As you’ve probably worked out by now, the millennial generation is different. For many leaders earning the loyalty of and getting the best from these younger members of our workforce is a frustrating challenge. The reality is, however, that by 2025 millennials will make up three-quarters of the global workforce. The time has come to let go of criticisms and shift our focus to solutions.

See also: Millennials going green in their investments

While there are many factors that influence the engagement of millennials, research consistently points to the importance of corporate social responsibility. Socially and environmentally conscious, millennials typically care about the impact their employer has on the planet and the communities in which they operate. According to a millennial employee engagement study, nearly two-thirds (64%) of millennials consider a company’s social and environmental commitments when deciding where to work.

Building a green culture

Creating a culture in which people hold attitudes and make decisions that are good for the planet starts at the top. Like any other aspect of culture, change demands example and ownership from senior leaders. Ensuring every leader understands not only the environmental but also commercial benefits of a green culture is key. Focus your leaders on the role ‘going green’ can play in attracting and retaining the best among the millennial generation.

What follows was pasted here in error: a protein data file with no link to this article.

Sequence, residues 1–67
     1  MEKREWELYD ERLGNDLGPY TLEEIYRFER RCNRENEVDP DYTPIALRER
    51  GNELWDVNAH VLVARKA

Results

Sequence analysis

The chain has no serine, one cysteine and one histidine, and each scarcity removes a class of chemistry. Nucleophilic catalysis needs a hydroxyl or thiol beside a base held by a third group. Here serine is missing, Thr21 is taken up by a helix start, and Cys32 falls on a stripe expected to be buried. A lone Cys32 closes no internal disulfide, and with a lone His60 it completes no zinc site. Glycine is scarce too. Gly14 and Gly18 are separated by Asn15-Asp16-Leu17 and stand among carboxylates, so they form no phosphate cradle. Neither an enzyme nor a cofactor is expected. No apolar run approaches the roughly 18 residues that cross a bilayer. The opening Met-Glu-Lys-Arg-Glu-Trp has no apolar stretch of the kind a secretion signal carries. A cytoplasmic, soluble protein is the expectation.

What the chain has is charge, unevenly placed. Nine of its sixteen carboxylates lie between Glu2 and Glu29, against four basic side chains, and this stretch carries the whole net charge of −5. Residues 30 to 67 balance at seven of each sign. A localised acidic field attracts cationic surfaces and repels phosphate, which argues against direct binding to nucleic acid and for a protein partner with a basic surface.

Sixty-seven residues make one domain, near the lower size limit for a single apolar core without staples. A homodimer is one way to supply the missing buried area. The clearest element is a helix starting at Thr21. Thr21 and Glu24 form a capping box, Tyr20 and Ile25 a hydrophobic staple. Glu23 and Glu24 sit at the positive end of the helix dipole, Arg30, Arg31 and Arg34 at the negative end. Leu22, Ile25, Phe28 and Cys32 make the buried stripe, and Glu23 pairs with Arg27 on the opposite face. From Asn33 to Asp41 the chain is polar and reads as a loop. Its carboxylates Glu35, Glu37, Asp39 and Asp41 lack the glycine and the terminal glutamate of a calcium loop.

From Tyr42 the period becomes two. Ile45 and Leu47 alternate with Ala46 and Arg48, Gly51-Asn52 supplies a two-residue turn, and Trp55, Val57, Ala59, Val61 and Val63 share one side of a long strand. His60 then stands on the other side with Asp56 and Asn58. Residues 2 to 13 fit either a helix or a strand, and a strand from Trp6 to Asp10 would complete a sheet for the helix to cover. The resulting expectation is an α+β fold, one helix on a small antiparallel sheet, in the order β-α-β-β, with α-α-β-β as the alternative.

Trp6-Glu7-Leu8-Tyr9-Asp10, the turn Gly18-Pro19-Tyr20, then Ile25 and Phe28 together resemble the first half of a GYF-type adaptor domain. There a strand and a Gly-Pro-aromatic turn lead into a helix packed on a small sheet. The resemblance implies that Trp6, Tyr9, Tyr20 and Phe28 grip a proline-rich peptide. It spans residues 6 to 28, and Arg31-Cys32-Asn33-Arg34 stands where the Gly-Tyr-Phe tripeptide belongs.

Here are some important steps you and your leadership team can take to build a green culture.

Engage your team

Leverage the millennials on your team to explore how you can build a ‘green’ culture. Understand how they perceive your organisation’s current impact on the environment and the changes they believe are both necessary and possible.

Challenge business operations: Look for changes that can be made to the way your business operates that will have a positive impact on the environment. Encourage every member of your team to look for operational and policy changes that will allow people to go about their jobs in more environmentally sustainable ways.

See also: The millennial generation and insurance industry insight

Learn and educate

Invest in your organisation’s understanding of environmentally responsible practices. Support the people on your team to grow their awareness of how they can make a positive difference to the planet through the choices they make at work.

Invest: Be prepared to invest reasonable amounts of time, energy and physical resources into green initiatives. All talk and no action is only likely to erode confidence in the sincerity of your commitment to building a green culture. For example, providing recycling bins or bike racks to encourage people to ride to work is typically inexpensive but can take quite some organising to put in place.

Align with your values

Look for opportunities to align the environmental causes you choose to support with your organisation’s values. If, for example, your organisation values responsibility, help your team to understand how initiatives aimed at avoiding waste are aligned.

Make it matter. Reward individuals or teams who commit to green practices or achieve improvement targets. Proactively work to maintain engagement by showcasing the extent to which the organisation values environmentally responsible actions.

Play the long game

Aim to achieve gradual and sustainable change over time. Avoid the all too common mistake of forcing change through myriad green initiatives all rolled out at once. Take a longer-term view of educating and inspiring people to think and act green every day. Reinforce commitment through ongoing review of the approaches you take and initiatives you support.

Courtesy: www.theceomagazine.com

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